Volvo has updated its XC90 crossover for 2020 with a kinetic energy recovery braking system (KERS) that promises to improve fuel economy by 15 per cent.
The 2020 XC90 will mark Volvo's first production application of KERS technology, whose use has previously been limited to Formula 1 racing.
In the new XC90, KERS uses brake-by-wire tech to recover energy during deceleration that can then be used to help drive the car.
Unlike gas-electric hybrids that use regenerative braking to charge the drive battery, Volvo's KERS setup is based around a carbon fibre flywheel that spins at up to 60,000 rpm. Braking spins the flywheel up, and accelerating takes advantage of its momentum by supplying drive to the rear wheels.
Volvo doesn't say how much power KERS contributes to the XC90's acceleration. Earlier in the decade, the company's prototype testing revealed it was good for as much as 80 hp.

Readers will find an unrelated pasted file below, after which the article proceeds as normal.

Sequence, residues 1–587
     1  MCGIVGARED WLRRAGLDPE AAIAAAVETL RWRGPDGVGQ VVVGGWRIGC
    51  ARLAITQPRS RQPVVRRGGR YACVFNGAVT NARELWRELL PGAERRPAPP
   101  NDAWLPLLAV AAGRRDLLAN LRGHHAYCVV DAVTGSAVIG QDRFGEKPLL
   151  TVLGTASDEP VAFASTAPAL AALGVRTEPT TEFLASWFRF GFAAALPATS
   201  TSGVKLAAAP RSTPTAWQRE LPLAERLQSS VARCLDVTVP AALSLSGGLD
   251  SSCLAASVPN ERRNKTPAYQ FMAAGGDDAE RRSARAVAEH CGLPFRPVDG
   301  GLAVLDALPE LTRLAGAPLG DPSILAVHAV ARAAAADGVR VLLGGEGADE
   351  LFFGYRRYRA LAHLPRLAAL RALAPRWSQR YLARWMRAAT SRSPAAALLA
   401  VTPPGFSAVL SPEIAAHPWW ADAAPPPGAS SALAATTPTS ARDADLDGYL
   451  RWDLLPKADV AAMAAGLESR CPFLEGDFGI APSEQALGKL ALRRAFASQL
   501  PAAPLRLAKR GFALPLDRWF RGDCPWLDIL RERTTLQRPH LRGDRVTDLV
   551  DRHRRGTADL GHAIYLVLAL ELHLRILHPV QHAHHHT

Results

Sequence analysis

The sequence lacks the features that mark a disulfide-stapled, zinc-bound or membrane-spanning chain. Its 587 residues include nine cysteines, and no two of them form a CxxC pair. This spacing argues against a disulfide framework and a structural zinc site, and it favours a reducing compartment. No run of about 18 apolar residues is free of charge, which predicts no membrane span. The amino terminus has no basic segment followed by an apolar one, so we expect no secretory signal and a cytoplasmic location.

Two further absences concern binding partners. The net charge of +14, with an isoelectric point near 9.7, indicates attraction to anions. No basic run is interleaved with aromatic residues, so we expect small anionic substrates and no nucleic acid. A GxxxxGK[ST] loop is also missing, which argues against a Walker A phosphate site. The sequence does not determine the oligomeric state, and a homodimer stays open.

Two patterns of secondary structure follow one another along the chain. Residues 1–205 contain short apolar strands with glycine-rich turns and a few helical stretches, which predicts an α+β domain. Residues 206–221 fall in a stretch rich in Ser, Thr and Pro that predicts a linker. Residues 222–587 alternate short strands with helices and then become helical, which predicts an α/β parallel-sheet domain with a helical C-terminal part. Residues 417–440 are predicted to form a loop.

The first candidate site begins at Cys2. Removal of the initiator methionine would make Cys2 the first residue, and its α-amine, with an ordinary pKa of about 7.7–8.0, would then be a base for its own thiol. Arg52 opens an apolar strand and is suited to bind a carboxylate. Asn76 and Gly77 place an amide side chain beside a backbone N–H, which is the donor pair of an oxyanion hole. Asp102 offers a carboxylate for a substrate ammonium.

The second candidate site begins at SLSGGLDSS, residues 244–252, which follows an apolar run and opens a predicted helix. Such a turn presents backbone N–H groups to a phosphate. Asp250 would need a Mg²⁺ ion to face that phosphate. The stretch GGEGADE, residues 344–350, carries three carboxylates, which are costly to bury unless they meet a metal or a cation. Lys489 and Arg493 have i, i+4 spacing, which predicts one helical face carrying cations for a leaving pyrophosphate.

KERS is an option in the 2020 Volvo XC90 as a complement to the plug-in hybrid (PHEV) drivetrain used in the T8 model. All 2020 XC90 models will use the car's current turbocharged four-cylinder engines.
The T8 remains the XC90 flagship and benefits from its own brake-by-wire system and a new motor that adds 20 hp, for a new total of 420.
Gas powered T5 and T6 models remain as base models; KERS cars will wear a "B" badge in place of the current T designation.
Volvo will start building the 2020 XC90 in May at its Torslanda, Sweden plant, but the company is taking orders now in all of its global markets.
The 2020 Volvo XC90 also offers an oncoming lane mitigation safety system first used in the XC60. There's also a new steering function for the car's city safety and blind spot monitoring setups. The XC90 also enjoys minor cosmetic changes and the addition of Android Auto smartphone integration.